Hyperthymesia/Highly Superior Autobiographical Memory
Hyperthymesia, also known as piking or hyperthymestic syndrome is a condition in which an individual possesses a superior autobiographical memory, meaning he or she can recall the vast majority of personal experiences and events of his or her life. Superior autobiographical memory is fairly a new discovered phenomenon. Individuals with hyperthymesia cannot control the flashbacks of information and memories unlike the rest of people who have good memory. The Hyperthymesia syndrome doesn’t appear to be suffering from any negative neurodevelopmental disorders. Hyperthymestic syndrome is different from other types of superior memory in the ability to remember the autobiographical events without the apparent use of mnemonic skills.
AJ (Jill Price) is reportedly the first documented case of hyperthymesia or HSAM. (Highly Superior Autobiographical Memory). She had an exceptional ability to recall autobiographical information along with events she had read about or personally seen on the news. Interestingly, she apparently was not very good at memorizing arbitrary information. Hyperthymestic individuals appear to have poorer than average memory for arbitrary information.
Some of the defining characteristics of hyperthymesia include the ability to “see” depictions of days in their heads with no conscious effort and recollect events that hold personal significance. It is distinguished from other forms of exceptional memory in that it does not involve any form or practice or mnemonic tricks to store information. Studies have shown that hyperthymestics are not like autistic savants but they do exhibit an interest in dates, which they use extensively to categorize when a particular event in their lives happened. Individuals with hyperthymesia can recall almost every day of their lives in near perfect detail, as well as public events that hold some personal significance to them. Those affected describe their memories as uncontrollable associations; when they encounter a date, they “see” a vivid epiction of that day in their heads. Recollection occurs without hesitation or conscious effort.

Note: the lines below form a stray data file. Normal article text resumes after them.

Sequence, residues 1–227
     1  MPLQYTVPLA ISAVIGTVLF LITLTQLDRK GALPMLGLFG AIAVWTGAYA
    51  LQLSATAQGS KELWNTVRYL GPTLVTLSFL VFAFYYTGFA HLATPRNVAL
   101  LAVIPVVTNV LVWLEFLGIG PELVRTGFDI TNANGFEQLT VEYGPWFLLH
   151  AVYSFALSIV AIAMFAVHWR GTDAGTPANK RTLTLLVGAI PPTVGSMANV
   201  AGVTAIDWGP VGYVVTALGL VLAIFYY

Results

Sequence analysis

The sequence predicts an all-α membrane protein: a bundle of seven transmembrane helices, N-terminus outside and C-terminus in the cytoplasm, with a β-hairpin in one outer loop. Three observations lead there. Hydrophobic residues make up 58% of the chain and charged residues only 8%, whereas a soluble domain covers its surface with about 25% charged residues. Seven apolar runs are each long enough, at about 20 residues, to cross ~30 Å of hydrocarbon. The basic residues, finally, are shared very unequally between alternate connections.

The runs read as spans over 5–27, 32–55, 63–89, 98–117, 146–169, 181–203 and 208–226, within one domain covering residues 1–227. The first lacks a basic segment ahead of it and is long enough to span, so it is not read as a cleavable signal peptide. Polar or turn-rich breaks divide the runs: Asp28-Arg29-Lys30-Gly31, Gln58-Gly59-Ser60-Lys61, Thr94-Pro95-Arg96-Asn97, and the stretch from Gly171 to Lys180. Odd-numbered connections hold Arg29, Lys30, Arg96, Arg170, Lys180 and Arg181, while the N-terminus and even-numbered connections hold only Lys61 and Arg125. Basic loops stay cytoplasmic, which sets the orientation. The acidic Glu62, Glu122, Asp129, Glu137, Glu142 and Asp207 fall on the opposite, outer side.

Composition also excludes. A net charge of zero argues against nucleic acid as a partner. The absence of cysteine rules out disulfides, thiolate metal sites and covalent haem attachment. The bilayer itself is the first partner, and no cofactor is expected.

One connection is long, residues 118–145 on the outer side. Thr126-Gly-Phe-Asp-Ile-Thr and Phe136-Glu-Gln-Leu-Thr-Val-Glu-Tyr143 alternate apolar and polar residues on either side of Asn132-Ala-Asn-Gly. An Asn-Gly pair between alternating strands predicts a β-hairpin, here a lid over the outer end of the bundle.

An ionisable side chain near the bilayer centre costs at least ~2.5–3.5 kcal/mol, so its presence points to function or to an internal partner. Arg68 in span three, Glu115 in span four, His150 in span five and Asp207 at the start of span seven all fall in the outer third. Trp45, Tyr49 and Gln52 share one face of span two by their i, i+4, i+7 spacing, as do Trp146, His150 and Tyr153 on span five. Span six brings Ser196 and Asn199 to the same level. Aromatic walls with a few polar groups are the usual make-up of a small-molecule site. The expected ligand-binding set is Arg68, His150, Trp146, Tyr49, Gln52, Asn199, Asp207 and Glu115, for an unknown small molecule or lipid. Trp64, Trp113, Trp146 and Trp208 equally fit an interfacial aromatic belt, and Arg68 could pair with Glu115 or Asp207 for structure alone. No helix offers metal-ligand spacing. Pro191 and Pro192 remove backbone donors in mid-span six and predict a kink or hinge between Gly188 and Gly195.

The condition itself has only been defined since 2006, and all the men who are hyperthymesic are left-handed, which could be a coincidence or an indicator of the condition. There are said to be some detrimental effects on thinking capacity since a stream of memories may be disruptive to an average day’s activity, and although people may be able to associate events with dates they do not have photographic memories and may still have difficulty memorizing common information.
Some theories about how hyperthymestic memories are encoded lead researchers to believe that semantic cues are used to retrieve information, but a larger group of people with hyperthymesia will need to be discovered in order to create a better scientific model of how memories are stored and played back.
S Jerome Bruner. The Mind of a Mnemonist: a little book about a vast memory. Cambridge, Harvard University Press, 1987. (Retrieved on 6th July, 2016).
Berg, Tom. “Remembering every day of your life“. The Orange County Register. (April 25, 2008. Page 2. Jill Price.)